Freeze Blocks Arab J'lem Influx

The freeze on construction in in Judea and Samaria has increased Jewish demand for Jerusalem housing and stopped the flow of Arabs there.

Gil Ronen , | updated: 7:52 PM

Pisgat Zeev (in foreground)
Pisgat Zeev (in foreground)
Israel news photo: Flash 90

The freeze imposed by the Israeli government on construction for Jews in Judea and Samaria has had an unforeseen effect: it has raised Jewish demand for housing in northern Jerusalem, thus raising prices there and blocking the Arab influx to these neighborhoods. So said Aryeh King, who heads the Israel Lands Fund and is a prominent activist for strengthening the Jewish hold on Jerusalem.

King referred specifically to the neighborhoods of Pisgat Ze'ev, Neveh Yaakov and French Hill.

"The peak period of Arab influx into these neighborhoods was one and a half or two years ago, when [then-Prime Minister Ehud] Olmert wanted to divide the city and build a wall inside it,” King told Arutz Sheva's Hebrew newsmagazine Wednesday.

At that time, he explained, many of the Arabs who live beyond the wall made an effort to buy apartments on the 'Israeli' side of the wall so as not to be left out of Israel in case of a partition agreement. “Today, there is a problem because there is a problem throughout Jerusalem: we have a mayor who won't let [Jewish] people build. As a result there are many more Jews who want to buy or rent for every Jewish-owned apartment. As a result less and less of these apartments are being sold to Arabs because there is more Jewish demand... the demand is the same but the supply is much smaller.”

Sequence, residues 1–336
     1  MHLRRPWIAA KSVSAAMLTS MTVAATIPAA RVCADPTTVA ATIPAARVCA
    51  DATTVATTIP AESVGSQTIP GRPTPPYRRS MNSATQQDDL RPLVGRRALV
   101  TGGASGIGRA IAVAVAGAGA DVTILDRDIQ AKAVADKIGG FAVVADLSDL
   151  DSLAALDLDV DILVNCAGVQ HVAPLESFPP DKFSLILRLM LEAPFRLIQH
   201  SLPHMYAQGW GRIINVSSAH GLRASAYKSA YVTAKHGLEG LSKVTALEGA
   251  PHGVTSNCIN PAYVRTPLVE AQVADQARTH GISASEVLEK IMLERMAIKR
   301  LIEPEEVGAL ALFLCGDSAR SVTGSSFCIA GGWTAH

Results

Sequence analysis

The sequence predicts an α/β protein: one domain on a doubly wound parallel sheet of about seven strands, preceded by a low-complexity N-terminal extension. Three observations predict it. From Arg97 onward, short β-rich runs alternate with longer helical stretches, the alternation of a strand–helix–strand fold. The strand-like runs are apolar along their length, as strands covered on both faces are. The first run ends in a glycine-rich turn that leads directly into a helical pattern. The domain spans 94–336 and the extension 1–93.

In French Hill, he said, the Arab presence has even begun to dwindle – with Jews filling the Arabs' places. The neighborhood is becoming more religious, he said, and many of the people moving in are immigrants from anglophone countries.

Another prominent activist for maintaining the Jewish nature of northwestern Jerusalem, Nerya Ofan, was arrested Tuesday and slapped with a military distancing order that forbids him from entering Pisgat Ze'ev and Neveh Yaakov, also in northwestern Jerusalem. Ofan had already been distanced from Judea and Samaria by an administrative order.

The order which prevents his entry to Judea and Samaria was extended and a new order – probably the first of its kind ever issued to a Jew – also forbids him from entering parts of Jerusalem. That order was signed by Home Front Commander, Major General Yair Golan. 

According to King, Ofan's activities centered on attempts to convince Jews not to sell their apartments to Arabs, and to employ fellow Jews in their businesses.

Ever since the early days of the organized modern Zionist endeavor, Jews and Arabs have been waging a battle for control of territory in the Land of Israel. Sometimes, the entry of Arabs into a Jewish area is a clearly intentional, nationalistic move, and sometimes it appears to be of a more spontaneous or economically driven nature. Almost always, however, the entry of Arabs into Jewish neighborhoods results in Jews' leaving the neighborhood and in an atmosphere of growing violence and harassment against Jews.

Jews who attempt to buy homes in Arab neighborhoods and villages face a nearly impossible task because Arabs tend to intimidate and threaten fellow Arabs who sell land to Jews. Jews, on the other hand, are not afraid to sell apartments to Arabs. As a result, even neighborhoods and towns originally built specifically for Jews – like Karmiel and Upper Nazareth in the Galilee – now have a growing Arab population.